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University of Kentucky to cover up historical mural due to student ‘microaggressions’

Here we go again.

After meeting with around two dozen (black) students, University of Kentucky President Eli Capilouto has decided to “cover a campus mural from 1934 that shows scenes from state history, including black workers in a tobacco field and a Native American with a tomahawk.”

Capilouto acknowledged that the work is a “product […] of the artist and her times,” but said “it is a point of deeply held concern for the two dozen Black and African American students …”

CBS News reports:

CBS affiliate WKYT reports that the move comes two weeks after Capilouto hosted a sit down with two dozen black students — undergraduate, graduate and professional students — who detailed the emotions stirred up by the mural.

The mural, Capilouto said in a statement, is an “artistic presentation of contrasts and contradictions” but he acknowledged the hurt it caused some students, WKYT reports.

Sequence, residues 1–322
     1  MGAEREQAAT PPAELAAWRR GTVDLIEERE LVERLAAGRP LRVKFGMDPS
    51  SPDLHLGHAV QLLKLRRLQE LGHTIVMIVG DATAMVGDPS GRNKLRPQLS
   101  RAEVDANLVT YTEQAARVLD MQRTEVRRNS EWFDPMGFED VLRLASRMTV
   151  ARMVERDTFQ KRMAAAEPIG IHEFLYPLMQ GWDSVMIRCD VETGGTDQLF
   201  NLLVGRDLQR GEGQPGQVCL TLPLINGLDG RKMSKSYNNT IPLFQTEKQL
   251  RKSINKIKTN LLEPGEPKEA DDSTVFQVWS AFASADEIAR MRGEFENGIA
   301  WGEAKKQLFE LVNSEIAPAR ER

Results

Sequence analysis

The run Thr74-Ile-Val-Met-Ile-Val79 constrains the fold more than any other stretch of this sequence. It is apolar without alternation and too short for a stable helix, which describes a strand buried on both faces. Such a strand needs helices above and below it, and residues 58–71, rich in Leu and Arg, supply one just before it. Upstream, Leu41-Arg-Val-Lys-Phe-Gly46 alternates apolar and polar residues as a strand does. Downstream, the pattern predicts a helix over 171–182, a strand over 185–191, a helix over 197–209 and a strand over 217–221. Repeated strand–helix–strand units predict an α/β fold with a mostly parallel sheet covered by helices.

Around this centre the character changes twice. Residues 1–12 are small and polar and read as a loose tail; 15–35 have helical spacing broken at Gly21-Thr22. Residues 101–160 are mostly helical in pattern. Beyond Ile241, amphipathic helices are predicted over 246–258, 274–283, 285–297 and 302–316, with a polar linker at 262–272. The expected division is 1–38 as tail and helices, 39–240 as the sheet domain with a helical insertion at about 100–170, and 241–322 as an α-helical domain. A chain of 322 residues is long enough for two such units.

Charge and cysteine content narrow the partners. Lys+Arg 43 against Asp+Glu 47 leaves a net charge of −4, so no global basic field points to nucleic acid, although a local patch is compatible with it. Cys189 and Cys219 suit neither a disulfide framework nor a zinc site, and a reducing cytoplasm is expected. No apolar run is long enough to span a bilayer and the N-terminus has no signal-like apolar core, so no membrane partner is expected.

“[…] we are left today with the task of confronting the unsettling questions it raises for our sense of community,” [Capilouto] said.

Students from University of Kentucky posted several tweets about microaggresions [sic] they have encountered on campus, including the mural at Memorial Hall …

Capilouto says he’ll have the Memorial Hall fresco shrouded until a more permanent solution is found. The mural was painted directly into the plaster, making its removal difficult. He says an explanation of the cover will be placed nearby.

Back in 2006 the UK student government voted to get rid of the mural, but the-then president said the work “was an important historical and artistic artifact.”

Read the full article.

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